Few things excite Irish people like mortgages. It’s hardly surprising; it is the biggest investment most of them will make and, more importantly, keeps a roof over their families’ heads.
So news that Ulster Bank is selling 3,600 mortgages, with total balances of €900 million – most of them on people's family homes – was always going to spark debate. More particularly because the debts are likely to end up with a so-called vulture fund.
Consumer rights campaigner Brendan Burgess has in the past backed similar sales by Ulster Bank but this time around, he has taken issue with the lender.
He argues that borrowers can repay arrears that are, on average, €33,000 and that the bank should come to some arrangement to do that instead of selling the loans.
While €33,000 sounds high, Burgess says borrowers could clear this sum if Ulster Bank extended their mortgages’ life by 26 months – the average number of payments borrowers have missed – or increasing repayments to €1,500 from €1,300.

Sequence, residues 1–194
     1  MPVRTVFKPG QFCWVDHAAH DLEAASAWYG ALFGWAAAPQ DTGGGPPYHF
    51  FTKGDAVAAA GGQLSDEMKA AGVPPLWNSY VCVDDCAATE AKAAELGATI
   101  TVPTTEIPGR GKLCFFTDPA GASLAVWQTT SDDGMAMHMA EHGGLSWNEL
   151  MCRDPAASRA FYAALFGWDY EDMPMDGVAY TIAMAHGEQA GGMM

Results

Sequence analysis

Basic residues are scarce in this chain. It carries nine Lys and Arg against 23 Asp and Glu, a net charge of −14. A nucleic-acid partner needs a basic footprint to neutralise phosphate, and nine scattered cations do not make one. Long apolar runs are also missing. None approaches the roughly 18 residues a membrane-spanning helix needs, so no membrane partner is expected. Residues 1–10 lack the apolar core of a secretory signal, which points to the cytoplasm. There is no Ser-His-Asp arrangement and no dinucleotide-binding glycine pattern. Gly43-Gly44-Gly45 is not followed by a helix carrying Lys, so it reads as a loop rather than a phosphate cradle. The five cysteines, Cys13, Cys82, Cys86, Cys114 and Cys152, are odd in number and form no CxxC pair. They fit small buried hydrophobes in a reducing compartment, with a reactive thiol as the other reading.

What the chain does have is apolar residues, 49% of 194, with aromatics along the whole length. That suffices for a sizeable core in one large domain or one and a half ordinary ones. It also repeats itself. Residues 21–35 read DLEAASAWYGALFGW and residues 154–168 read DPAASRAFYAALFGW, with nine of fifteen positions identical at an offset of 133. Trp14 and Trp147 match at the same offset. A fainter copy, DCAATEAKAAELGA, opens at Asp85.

Allowing all the affected borrowers to avail of the 2.3 per cent interest rate he says they recently promoted as being available to all mortgage customers would help, he says.
In response, Ulster just says no. Apart from citing the scale of arrears and number of missed payments, the lender says the borrowers affected have had five separate arrangements where repayments were lowered to allow them deal with financial difficulties. And it insists it made every effort to engage with borrowers before deciding to sell their loans.
Ultimately, regulators want Ulster Bank to cut the number of bad loans on its books. And the bank can argue that it is best placed to decide how to do so and which debts should ultimately be sold.
And it is not alone, Its rivals are also under pressure to reduce bad debt on their balance sheets. And so this debate will inevitably be rerun with at least one other bank in coming months.